More Carbon-Market Cuts Eyed as EU Parliament Starts Debate
viernes, 03 de junio de 2016 | Mercados
The European Parliament will consider enabling faster carbon reductions in Europe’s emissions market after an assessment in 2023, the strongest signal to date that a global climate deal may prompt tougher caps on companies.
Ian Duncan, the European Union assembly’s lead lawmaker on a reform of the world’s biggest cap-and-trade program, made the proposal in a draft report that kicks off legislative work on the post-2020 overhaul. The law, proposed to adjust the Emissions Trading System to EU climate goals for 2030, needs majority backing from the Parliament and weighted majority support from national governments to take effect.
The EU, which wants to lead the global fight against climate change, submitted its 2030 goal to cut carbon by at least 40 percent from 1990 levels under a United Nations deal reached by more than 190 nations in December in Paris. The countries agreed to meet in 2023 to assess how to step up ambitions toward capping global temperature increases since pre-industrial times to 2 degrees Celsius (3.6 degrees Fahrenheit).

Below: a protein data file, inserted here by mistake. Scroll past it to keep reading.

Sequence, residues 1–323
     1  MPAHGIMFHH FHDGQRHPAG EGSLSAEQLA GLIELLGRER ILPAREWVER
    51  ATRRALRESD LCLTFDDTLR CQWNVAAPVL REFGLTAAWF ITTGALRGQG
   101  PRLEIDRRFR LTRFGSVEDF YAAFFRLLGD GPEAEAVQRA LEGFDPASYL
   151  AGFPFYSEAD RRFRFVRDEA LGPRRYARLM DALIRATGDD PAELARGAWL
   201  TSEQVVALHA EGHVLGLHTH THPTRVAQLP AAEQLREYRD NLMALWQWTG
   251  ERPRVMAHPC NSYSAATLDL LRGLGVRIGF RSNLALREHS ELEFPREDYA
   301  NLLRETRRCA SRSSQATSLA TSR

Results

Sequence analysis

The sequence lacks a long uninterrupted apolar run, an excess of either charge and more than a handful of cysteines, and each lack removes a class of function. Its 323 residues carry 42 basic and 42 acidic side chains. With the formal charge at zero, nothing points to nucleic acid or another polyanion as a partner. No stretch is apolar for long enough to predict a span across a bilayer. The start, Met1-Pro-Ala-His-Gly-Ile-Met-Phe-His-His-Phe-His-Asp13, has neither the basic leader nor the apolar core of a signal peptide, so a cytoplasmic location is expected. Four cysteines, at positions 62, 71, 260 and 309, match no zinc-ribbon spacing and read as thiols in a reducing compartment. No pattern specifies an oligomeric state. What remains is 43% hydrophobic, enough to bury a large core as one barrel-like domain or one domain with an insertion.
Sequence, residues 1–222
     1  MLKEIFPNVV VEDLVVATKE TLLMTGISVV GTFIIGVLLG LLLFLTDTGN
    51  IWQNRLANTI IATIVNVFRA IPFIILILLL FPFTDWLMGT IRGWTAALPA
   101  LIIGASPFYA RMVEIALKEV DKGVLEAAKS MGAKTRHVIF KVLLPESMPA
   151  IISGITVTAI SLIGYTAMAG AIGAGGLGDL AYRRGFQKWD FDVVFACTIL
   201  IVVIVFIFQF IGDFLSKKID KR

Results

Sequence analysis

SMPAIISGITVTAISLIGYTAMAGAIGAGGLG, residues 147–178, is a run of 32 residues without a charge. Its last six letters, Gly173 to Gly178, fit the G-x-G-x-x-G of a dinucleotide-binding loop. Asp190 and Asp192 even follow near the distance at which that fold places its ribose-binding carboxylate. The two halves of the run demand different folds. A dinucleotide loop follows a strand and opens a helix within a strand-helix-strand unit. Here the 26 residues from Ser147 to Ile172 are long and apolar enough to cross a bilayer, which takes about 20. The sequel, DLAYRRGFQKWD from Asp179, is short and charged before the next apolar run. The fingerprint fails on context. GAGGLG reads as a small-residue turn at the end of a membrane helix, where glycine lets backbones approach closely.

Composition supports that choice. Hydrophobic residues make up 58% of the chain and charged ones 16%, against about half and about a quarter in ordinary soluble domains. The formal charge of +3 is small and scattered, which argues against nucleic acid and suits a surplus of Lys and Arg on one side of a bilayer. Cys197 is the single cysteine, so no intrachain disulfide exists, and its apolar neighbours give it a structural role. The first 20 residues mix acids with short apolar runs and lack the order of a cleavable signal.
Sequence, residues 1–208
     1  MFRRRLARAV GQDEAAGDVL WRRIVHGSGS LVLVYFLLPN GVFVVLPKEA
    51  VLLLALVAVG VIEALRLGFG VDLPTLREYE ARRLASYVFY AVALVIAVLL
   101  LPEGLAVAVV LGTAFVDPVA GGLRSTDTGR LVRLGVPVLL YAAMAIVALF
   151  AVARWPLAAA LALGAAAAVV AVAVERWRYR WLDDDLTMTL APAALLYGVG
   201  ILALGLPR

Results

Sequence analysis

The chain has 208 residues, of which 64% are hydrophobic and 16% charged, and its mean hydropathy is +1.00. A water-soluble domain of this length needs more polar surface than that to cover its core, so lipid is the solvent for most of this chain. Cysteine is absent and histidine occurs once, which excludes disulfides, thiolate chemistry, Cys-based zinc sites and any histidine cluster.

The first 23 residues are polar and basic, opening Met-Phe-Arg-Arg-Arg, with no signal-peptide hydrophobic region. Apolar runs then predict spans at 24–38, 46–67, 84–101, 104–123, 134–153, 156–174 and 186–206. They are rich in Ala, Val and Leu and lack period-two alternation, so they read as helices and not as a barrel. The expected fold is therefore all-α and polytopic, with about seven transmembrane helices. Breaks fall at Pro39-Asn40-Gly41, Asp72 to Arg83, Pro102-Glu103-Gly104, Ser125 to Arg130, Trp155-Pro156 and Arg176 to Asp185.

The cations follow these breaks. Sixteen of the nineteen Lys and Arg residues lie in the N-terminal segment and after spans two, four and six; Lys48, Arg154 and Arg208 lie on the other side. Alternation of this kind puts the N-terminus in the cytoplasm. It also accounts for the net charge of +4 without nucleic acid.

“The Paris agreement has set a test for all of us, and our legislation must be fit to adapt to the new targets that Paris will produce,” Duncan said in a statement on Tuesday in Brussels. “Right now the ETS is like a car without an engine, we need to ensure it is fit to do the job it should and drive emissions reductions in Europe.”